Two years later Magi arrived from the east. The fact that these wise men referred to Jesus as the “king of the Jews” suggests they were Gentiles. The book of Matthew doesn’t tell us how these God fearing non-Jews knew about the world-changing birth that had occurred; Matthew only reveals that they followed a star.

When they got to Jerusalem, they asked  everyone they saw where they could find the young ruler. They must have been stunned to discover that no one knew who they were referring to. How could the  Jewish people be unaware that their King had been born?

Jesus’ birth may have been largely  disregarded, but someday every  person who has ever lived will fully acknowledge Jesus as the powerful King that he is (Romans 14:11). In today’s world, wealthy or influential people are often viewed as the wielders of power. Industry magazines and websites love to publish lists of the “most powerful people” in a given business universe. These lists are wildly subjective, of course. Quantifying a  person’s power and influence is hard enough. Ranking people’s relative power is nearly impossible without resorting to bias or guesswork.

What’s indisputable, as the apostle  Paul asserted, is that absolute power is found only in Jesus. Any comparative analysis between Jesus and those who top the “world’s most powerful” lists will be decidedly one-sided. The most powerful ruler or most influential person in all  human history will pale next to Jesus. 

More to the point, every powerful or  influential figure who ever lived will one day kneel before Jesus in absolute submission.

The above article was adapted from JESUS which my team created for Time Inc. It appears in the winter of 2014-2015 as a special edition magazine within the USA.
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, by Christopher D. Hudson

Some 800 years before Jesus was born, the prophet Isaiah described what  the coming Messiah would be like. 
“For unto us a child is born, unto us a son is given: and the government shall be upon his shoulder: and his name shall be called Wonderful, Counsellor, The mighty God, The everlasting Father, The Prince of Peace.”
(Isaiah 9:6, KJV)

“Wonderful,” in this instance, suggests something beyond human comprehension—a description that fit Jesus perfectly. Everything about him, from his teachings to his healing power, was extraordinary. “Counselor” refers to a king who offers wise guidance to his people. No one in  history offered more wise advice than Jesus did. His words changed the world. More importantly, they continue to change the lives of anyone who takes them to heart. Jesus’ wonderful counsel  is still available to all.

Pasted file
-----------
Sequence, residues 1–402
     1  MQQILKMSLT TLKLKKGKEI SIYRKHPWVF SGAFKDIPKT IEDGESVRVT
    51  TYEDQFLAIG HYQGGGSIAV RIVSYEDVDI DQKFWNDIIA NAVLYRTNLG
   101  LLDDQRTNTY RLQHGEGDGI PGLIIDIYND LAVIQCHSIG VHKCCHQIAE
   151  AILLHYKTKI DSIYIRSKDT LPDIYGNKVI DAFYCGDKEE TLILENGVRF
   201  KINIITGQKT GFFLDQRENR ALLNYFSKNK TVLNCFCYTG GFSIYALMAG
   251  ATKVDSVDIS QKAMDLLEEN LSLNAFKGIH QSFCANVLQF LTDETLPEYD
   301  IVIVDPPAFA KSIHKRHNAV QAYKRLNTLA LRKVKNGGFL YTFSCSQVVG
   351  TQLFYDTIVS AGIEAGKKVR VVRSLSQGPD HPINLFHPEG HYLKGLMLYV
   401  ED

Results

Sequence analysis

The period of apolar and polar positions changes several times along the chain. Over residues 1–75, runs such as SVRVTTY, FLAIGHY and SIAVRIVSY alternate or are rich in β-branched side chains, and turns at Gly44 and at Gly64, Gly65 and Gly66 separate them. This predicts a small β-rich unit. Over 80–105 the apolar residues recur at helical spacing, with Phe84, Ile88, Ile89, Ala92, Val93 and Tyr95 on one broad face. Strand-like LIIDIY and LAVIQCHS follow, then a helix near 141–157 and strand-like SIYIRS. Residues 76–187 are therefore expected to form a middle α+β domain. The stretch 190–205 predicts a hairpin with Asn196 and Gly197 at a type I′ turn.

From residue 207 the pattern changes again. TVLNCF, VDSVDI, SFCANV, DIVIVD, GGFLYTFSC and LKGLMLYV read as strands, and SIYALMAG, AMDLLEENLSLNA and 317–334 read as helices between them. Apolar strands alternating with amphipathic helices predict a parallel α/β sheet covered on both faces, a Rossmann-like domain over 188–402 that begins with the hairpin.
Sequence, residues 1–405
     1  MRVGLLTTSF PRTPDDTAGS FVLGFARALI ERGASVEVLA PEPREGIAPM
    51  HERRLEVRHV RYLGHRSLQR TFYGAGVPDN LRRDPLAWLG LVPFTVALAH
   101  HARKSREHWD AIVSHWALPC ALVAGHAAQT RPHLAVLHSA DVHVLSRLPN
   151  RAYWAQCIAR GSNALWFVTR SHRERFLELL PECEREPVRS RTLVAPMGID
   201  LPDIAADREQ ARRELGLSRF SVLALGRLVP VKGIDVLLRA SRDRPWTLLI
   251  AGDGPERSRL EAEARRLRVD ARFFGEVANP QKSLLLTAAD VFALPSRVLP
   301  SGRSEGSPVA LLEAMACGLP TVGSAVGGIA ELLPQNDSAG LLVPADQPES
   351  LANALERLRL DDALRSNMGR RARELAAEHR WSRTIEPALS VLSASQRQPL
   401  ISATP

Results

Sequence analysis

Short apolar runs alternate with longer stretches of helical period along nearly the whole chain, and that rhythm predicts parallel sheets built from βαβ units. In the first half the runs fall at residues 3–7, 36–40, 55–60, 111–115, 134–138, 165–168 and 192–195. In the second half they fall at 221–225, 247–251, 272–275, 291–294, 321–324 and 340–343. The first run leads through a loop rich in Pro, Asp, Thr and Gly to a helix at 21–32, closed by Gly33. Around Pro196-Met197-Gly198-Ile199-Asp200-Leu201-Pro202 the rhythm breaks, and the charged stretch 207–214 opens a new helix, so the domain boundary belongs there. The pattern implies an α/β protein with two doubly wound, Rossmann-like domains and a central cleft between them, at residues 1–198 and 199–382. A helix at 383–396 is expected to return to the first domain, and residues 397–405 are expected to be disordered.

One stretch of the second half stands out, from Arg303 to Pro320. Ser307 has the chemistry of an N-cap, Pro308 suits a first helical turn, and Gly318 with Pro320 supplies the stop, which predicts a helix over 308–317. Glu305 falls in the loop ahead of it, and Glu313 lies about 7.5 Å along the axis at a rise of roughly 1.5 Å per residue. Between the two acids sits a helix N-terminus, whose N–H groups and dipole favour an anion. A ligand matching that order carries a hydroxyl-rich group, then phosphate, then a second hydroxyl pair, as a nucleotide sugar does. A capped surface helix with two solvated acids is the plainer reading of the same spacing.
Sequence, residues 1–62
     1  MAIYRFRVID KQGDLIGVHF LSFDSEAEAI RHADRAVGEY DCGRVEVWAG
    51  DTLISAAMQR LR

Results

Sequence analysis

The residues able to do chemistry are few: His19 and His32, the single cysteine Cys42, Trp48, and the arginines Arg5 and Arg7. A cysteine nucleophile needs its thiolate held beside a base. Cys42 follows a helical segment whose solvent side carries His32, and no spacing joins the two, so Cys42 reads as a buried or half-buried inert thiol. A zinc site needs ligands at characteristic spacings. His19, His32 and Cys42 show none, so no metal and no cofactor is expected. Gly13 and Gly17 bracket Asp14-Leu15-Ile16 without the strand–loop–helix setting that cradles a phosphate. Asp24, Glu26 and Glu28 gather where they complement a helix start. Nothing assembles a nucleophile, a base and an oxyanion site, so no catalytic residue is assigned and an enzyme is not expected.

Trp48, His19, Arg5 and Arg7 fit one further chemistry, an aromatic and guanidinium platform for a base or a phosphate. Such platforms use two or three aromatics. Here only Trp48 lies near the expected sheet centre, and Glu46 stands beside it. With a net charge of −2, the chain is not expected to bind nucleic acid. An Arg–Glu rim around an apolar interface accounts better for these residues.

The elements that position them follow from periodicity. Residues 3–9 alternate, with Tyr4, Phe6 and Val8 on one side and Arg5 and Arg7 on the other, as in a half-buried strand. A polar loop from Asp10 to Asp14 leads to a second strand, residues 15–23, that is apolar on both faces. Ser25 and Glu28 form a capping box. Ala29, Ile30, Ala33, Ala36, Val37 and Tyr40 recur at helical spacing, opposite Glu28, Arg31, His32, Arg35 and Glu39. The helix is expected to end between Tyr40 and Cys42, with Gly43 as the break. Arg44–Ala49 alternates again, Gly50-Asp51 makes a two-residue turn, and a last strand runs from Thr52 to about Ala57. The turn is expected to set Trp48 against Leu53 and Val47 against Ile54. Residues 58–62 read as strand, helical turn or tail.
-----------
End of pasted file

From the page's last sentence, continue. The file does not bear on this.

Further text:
The child, whose coming Isaiah predicted, would not only be sent by God but he would also be God—the Almighty Creator of the universe.

The phrase “Mighty God” suggests a warrior mentality, a fact that likely excited the Jewish people of Isaiah’s day—and especially those of Jesus’ day. The Jewish people were waiting for a righteous warrior-king to lead them. In the first century, they were looking for such a leader to free them from Roman control. With “Mighty God” on their side, they reasoned, how could they lose? They could not wrap their heads around the fact that “Mighty God” had bigger plans—far beyond mere political skirmishes.

The prospect of a royal hero who would restore  peace to Israel surely sounded good to the people of Isaiah’s day, who faced constant threats of invasion and exile at the hands of the mighty Assyrian army. Isaiah, however, was talking about a peace much more profound and meaningful than a détente between two warring nations. Isaiah predicted the coming of One who would restore spiritual peace between God and humankind. 

Jesus, the Prince of Peace, makes it possible for us to  have a relationship with our heavenly Father through  his sacrifice. Our peace comes through his death and  resurrection.